The biggest advantages annuities offer is that they allow you to sock away a larger amount of cash and defer paying taxes.
American workers have gotten so used to getting free life insurance coverage as a benefit through their jobs that a growing number of them — especially young workers who have delayed starting families — aren’t bothering to go through the hassle and expense of purchasing individual policies.
One reason many people worry about not having enough money in retirement is that they (quite reasonably) fear needing long-term care and not being able to afford it -- or having to wipe out their savings in order to pay for it.
Last February, Samitha Hendrickson gave birth to her first child.
The labor and delivery were long and not without serious complications. Hendrickson needed an emergency C-section, or cesarean. Her newborn couldn’t breathe on his own and needed to be resuscitated.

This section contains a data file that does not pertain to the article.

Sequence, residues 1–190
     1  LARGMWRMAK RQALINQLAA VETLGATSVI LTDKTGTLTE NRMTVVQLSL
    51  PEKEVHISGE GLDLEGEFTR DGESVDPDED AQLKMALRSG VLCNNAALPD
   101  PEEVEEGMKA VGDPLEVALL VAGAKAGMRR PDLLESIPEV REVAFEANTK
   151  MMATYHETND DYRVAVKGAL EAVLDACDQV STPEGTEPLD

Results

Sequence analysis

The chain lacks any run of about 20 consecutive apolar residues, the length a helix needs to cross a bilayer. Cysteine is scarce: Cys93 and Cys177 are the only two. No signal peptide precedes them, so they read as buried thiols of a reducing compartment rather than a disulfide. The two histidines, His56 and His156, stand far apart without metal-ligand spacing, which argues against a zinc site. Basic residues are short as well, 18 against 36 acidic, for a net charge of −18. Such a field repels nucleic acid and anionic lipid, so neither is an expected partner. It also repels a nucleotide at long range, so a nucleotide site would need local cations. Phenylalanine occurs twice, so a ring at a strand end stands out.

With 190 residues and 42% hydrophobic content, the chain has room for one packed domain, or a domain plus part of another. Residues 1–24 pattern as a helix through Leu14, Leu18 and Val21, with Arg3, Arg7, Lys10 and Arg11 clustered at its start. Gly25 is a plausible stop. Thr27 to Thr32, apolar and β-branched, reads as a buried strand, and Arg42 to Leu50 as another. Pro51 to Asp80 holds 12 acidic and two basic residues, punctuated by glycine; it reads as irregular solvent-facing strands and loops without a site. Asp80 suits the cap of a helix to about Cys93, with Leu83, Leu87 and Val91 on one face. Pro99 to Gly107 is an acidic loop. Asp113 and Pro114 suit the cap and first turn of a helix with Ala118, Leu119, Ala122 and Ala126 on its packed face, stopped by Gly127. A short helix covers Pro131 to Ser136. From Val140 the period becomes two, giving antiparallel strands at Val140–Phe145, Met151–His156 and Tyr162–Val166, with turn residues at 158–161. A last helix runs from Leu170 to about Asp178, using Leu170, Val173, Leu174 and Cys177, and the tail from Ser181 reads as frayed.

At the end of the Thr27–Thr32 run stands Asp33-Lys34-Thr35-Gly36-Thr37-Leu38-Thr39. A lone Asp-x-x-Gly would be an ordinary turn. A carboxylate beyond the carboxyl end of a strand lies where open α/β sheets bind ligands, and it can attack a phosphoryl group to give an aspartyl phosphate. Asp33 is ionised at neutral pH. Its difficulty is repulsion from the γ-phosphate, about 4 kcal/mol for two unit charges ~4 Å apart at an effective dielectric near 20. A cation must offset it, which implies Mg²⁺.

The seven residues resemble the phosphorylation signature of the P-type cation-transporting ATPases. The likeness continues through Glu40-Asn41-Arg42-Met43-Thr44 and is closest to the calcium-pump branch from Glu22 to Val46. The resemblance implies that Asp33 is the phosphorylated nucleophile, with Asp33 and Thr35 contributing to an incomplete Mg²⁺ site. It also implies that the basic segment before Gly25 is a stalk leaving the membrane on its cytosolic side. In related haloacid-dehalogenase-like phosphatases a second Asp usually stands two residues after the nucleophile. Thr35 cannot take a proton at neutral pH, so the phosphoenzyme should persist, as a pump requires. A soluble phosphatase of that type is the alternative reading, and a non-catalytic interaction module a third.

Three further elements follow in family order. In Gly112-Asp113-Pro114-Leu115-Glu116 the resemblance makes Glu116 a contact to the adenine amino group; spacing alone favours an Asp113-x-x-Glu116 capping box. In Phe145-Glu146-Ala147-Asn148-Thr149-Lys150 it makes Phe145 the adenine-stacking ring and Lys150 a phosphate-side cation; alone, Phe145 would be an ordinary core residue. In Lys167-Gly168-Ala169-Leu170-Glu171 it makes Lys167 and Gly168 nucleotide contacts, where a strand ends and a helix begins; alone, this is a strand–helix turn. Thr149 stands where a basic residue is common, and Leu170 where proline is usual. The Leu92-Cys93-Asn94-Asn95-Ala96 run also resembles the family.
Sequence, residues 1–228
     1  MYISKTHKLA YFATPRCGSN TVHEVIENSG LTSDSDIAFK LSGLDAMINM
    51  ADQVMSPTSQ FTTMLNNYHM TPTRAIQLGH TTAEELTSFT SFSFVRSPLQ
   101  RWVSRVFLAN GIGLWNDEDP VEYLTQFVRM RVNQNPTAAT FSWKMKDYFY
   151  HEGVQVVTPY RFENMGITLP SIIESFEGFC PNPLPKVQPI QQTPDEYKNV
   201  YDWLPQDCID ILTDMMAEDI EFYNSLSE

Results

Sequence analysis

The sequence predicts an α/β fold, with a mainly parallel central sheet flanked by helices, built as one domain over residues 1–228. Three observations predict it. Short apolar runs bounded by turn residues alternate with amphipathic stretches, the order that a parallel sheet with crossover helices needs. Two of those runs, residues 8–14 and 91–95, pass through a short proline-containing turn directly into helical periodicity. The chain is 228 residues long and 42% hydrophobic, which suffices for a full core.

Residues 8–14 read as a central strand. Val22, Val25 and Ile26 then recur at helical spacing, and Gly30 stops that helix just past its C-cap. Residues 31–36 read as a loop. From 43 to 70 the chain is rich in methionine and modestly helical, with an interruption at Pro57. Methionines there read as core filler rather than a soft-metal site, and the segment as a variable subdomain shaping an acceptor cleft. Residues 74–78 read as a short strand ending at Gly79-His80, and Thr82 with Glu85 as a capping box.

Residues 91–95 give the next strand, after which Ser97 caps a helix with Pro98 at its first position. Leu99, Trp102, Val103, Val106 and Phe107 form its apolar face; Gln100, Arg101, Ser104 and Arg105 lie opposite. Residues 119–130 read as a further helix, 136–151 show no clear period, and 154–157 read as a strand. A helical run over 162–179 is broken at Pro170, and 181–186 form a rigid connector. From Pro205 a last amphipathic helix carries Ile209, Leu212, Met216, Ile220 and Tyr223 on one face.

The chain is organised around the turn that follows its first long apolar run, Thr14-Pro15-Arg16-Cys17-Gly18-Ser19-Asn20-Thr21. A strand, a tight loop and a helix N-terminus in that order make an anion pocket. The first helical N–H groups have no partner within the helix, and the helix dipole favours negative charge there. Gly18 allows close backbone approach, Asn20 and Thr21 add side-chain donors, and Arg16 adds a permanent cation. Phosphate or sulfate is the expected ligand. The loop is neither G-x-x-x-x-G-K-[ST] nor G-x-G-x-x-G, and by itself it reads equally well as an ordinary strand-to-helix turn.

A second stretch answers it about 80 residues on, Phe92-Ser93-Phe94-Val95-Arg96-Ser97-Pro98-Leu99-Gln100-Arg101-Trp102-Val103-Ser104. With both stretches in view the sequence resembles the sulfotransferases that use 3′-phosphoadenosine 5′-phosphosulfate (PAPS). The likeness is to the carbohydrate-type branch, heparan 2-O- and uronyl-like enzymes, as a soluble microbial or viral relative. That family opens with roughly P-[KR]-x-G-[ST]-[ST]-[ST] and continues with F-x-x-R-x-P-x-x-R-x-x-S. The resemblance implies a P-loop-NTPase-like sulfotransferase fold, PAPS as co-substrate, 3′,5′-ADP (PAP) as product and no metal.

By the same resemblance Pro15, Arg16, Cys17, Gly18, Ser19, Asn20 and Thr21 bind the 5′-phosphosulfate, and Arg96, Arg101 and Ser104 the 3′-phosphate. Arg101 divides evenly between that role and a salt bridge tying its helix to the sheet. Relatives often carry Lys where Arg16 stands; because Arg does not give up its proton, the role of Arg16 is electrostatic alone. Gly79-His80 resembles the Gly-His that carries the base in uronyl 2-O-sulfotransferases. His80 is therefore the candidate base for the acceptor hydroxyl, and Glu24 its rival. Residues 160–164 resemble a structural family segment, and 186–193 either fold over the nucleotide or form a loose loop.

In my book, “Rewirement: Rewiring the Way You Think About Retirement,” I lay out a detailed ten-step process that everyone can use while doing retirement income planning. This is also the same process that is taught to thousands of financial advisers in the Retirement Income Certified Professional education program. However, in reality, many people are not even taking baby steps to pave the way for a financially secure retirement. For some, retirement planning seems too difficult; for others, it seems like retirement won’t ever apply to them. The facts are that most workers will retire someday and, by taking a few basic steps now, they can vastly improve the outlook for their future retirement security.
Supplement insurance to fill in the gaps that Medicare does not pay are on the rise, increasing by 500,000 in 2017 over 2016, according to the American Association for Medicare Supplement Insurance.